Tim O'Reilly, Sarah Milstein

A Brief History of Innovation in Publishing
12 minutes, 5.6mb, recorded 2007-06-19
Topics: History Media
Sarah Milstein and Tim O'Reilly

Where would the people of the world be without published material? Hardly any information about anything would be exchanged even in today's modern society. Published material is so ubiquitous that you couldn't avoid it if you tried. The newspapers and websites you read, the billboards you see on the way to work, and even reports on your desk at work would all make this a futile attempt. As Sarah Milstein and Tim O'Reilly explain in this presentation, the published material we see today was not just invented recently, and in fact has been being constantly updated since the days of writing on clay tablets.

Milstein and O'Reilly also bring up a few issues with published materials today that are not new to our era either. Copyright issues are brought up in the time frame of Benjamin Franklin, and the idea of ease of publishing leading to fraudulent information is explained with respect to the early days of the first printing press (as well as connected to the Wikipedia of today). Publishing has a long and ever-advancing history, and as consumers of published information, we are all in a prime position to see what direction it will head in next.

Sarah Milstein is the Chief Publishing Evangelist for O'Reilly Media. Previously at O'Reilly she was Managing Editor, Senior Editor, and Editor, leading the development of the Missing Manuals, a bestselling series of computer books for non-geeks. She's also written for the series, co-authoring Google: The Missing Manual (1st ed 2004; 2nd ed 2006). Before joining O'Reilly in 2003, Sarah was a freelance writer and editor, and a regular contributor to The New York Times. She was also a program founder for Just Food, a local-food-and-farms non-profit, and co-founder of Two Tomatoes Records, a label that distributes and promotes the work of children's musician Laurie Berkner.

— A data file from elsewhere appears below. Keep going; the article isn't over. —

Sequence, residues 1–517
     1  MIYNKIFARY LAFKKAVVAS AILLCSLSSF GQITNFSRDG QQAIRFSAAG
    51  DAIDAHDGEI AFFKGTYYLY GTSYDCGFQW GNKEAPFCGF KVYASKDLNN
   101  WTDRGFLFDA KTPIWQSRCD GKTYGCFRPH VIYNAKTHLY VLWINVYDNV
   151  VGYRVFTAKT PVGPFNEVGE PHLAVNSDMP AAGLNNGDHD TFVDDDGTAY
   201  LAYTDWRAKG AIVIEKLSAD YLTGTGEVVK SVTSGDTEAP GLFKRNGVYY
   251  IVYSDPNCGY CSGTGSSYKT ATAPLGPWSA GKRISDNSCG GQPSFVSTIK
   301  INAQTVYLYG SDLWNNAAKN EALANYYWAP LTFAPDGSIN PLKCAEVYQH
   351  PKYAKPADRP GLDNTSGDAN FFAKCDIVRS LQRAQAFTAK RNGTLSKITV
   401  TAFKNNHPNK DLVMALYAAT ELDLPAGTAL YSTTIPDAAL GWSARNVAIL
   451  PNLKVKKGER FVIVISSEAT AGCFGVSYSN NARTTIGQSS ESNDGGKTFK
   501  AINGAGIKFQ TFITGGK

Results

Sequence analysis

Tim O'Reilly is founder and CEO of O'Reilly Media, Inc., thought by many to be the best computer book publisher in the world. In addition to publishing pioneering books like Ed Krol's The Whole Internet User's Guide & Catalog (selected by the New York Public Library as one of the most significant books of the twentieth century), O'Reilly has also been a pioneer in the popularization of the Internet. O'Reilly's Global Network Navigator site (GNN, which was sold to America Online in September 1995) was the first Web portal and the first true commercial site on the World Wide Web.


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